Grant
Agency: Cordis | Branch: FP7 | Program: CP-SICA | Phase: ENV.2008.1.1.5.1. | Award Amount: 4.77M | Year: 2009

The proposal addresses Topic ENV.2008.1.1.5.1 Addressing deforestation in tropical areas: greenhouse gas emissions, socio-economic drivers and impacts, and policy options for emissions reduction. The overall goal of the project is to contribute to the development and evaluation of mechanisms and the institutions needed at multiple levels for changing stakeholder behaviour to slow tropical deforestation rates and hence reduce GHG emissions. This will be achieved through enhancing our understanding of the social, cultural, economic and ecological drivers of forest transition in selected case study areas in Southeast Asia, Africa and South America. This understanding will facilitate the identification and assessment of viable policy options addressing the drivers of deforestation and their consistency with policy approaches on avoided deforestation, such as Reduced Emissions from Deforestation and degradation (REDD), currently being discussed in UNFCCC and other relevant international fora. At the same time, ways of improving the spatial quantification of land use change and the associated changes in GHG fluxes will be developed, thereby improving the accounting of GHG emissions resulting from land use change in tropical forest margins and peatlands. This will allow the analysis of scenarios of the local impacts of potential international climate change policies on GHG emission reductions, land use, and livelihoods in selected case study areas, the results of which will be used to develop new negotiation support tools for use with stakeholders at international, national and local scales to explore a basket of options for incorporating REDD into post-2012 climate agreements. The project will provide a unique link between international policy-makers and stakeholders on the ground who will be required to change their behaviour regarding deforestation, thereby contributing to well-informed policy-making at the international level.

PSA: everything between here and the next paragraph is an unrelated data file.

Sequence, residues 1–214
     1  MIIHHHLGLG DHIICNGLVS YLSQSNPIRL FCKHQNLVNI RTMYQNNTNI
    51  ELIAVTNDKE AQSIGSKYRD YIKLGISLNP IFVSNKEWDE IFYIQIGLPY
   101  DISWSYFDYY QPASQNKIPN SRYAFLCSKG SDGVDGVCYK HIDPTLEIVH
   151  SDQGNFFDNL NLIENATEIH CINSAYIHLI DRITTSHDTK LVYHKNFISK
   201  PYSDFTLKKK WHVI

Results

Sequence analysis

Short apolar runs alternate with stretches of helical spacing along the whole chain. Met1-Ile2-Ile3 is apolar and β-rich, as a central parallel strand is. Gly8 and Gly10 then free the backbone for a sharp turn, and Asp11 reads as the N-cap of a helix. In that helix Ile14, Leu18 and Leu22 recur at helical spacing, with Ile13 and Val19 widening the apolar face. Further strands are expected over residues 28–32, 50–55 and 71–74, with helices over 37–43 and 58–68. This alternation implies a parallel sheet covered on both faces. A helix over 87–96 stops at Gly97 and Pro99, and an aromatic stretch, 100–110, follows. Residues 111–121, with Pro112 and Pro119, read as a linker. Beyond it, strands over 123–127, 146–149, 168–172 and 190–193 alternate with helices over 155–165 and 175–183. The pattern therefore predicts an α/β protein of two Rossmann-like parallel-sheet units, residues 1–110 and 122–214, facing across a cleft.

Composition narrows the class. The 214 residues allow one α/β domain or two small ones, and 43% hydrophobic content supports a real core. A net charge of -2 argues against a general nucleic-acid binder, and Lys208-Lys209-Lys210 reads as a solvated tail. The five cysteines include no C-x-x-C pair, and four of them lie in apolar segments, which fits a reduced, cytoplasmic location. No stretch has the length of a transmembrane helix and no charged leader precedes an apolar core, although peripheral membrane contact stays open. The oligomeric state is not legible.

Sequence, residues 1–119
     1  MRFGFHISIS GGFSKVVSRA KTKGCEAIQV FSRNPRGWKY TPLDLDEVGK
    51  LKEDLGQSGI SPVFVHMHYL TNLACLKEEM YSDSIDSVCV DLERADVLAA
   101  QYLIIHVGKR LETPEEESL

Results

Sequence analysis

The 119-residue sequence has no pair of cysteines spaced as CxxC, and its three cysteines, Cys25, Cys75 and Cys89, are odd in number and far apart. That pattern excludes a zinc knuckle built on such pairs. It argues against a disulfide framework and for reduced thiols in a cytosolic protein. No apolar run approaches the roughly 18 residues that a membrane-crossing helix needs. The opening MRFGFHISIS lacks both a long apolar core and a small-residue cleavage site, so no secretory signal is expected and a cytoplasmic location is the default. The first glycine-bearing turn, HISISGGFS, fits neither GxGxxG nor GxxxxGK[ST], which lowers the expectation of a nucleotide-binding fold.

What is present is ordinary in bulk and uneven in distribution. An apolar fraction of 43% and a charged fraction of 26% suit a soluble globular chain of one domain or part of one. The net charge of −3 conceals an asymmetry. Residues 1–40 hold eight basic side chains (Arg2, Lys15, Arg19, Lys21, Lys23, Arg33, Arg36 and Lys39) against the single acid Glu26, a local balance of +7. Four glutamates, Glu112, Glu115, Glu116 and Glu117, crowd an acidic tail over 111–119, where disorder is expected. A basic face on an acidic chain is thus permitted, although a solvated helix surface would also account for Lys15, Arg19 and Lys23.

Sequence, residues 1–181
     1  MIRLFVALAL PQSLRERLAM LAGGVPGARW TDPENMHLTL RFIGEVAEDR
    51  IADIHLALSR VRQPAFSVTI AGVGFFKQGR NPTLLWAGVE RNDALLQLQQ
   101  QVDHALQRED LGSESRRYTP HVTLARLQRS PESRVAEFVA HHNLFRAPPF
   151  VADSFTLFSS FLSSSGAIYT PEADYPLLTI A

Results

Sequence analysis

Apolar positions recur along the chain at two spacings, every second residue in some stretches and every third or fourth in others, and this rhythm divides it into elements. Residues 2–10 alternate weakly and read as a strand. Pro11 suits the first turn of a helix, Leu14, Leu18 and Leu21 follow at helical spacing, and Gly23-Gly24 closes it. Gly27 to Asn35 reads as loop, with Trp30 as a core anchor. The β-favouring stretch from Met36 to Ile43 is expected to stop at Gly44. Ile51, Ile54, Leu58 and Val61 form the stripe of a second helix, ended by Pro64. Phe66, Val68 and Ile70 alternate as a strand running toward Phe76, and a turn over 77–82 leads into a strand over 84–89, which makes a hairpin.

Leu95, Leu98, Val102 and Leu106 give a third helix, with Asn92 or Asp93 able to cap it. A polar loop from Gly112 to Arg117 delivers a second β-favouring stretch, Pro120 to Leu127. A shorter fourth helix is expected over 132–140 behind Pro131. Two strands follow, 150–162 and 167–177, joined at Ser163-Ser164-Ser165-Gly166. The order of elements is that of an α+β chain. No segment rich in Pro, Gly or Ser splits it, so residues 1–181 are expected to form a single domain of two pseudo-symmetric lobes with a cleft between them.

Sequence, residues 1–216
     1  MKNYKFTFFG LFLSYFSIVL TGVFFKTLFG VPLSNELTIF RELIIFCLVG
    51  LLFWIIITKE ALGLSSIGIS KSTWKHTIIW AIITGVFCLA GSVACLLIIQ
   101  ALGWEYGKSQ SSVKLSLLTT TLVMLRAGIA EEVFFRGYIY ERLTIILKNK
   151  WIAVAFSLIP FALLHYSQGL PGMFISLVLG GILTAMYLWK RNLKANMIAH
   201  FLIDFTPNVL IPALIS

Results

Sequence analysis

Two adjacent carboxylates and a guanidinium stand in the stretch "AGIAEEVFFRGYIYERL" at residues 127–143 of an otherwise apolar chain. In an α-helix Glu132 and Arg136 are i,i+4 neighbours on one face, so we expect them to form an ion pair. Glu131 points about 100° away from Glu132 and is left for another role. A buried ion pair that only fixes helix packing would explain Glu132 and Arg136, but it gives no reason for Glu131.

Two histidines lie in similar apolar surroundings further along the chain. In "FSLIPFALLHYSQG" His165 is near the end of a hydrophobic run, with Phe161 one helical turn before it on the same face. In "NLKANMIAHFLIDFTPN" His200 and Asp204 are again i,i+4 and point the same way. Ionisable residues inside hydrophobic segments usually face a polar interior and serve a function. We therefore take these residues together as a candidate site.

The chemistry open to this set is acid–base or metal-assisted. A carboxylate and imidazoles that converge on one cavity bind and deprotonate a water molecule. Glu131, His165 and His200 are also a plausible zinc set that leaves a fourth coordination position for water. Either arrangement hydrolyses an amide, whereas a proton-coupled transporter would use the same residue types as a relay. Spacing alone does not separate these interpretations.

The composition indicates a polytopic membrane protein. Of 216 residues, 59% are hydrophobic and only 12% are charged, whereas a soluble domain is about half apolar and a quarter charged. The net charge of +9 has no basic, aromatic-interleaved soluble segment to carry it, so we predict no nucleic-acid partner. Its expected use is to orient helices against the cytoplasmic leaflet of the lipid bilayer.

Van Straaten O.,University of Gottingen | Corre M.D.,University of Gottingen | Wolf K.,University of Gottingen | Tchienkoua M.,Institute Of Recherche Agricole Pour Le Developpement | And 4 more authors.
Proceedings of the National Academy of Sciences of the United States of America | Year: 2015

Tropical deforestation for the establishment of tree cash crop plantations causes significant alterations to soil organic carbon (SOC) dynamics. Despite this recognition, the current Intergovernmental Panel on Climate Change (IPCC) tier 1 method has a SOC change factor of 1 (no SOC loss) for conversion of forests to perennial tree crops, because of scarcity of SOC data. In this pantropic study, conducted in active deforestation regions of Indonesia, Cameroon, and Peru, we quantified the impact of forest conversion to oil palm (Elaeis guineensis), rubber (Hevea brasiliensis), and cacao (Theobroma cacao) agroforestry plantations on SOC stocks within 3-m depth in deeply weathered mineral soils. We also investigated the underlying biophysical controls regulating SOC stock changes. Using a space-for-time substitution approach, we compared SOC stocks from paired forests (n = 32) and adjacent plantations (n = 54). Our study showed that deforestation for tree plantations decreased SOC stocks by up to 50%. The key variable that predicted SOC changes across plantations was the amount of SOC present in the forest before conversion-the higher the initial SOC, the higher the loss. Decreases in SOC stocks were most pronounced in the topsoil, although older plantations showed considerable SOC losses below 1-m depth. Our results suggest that (i) the IPCC tier 1 method should be revised from its current SOC change factor of 1 to 0.6 ± 0.1 for oil palm and cacao agroforestry plantations and 0.8 ± 0.3 for rubber plantations in the humid tropics; and (ii) land use management policies should protect natural forests on carbon-rich mineral soils to minimize SOC losses.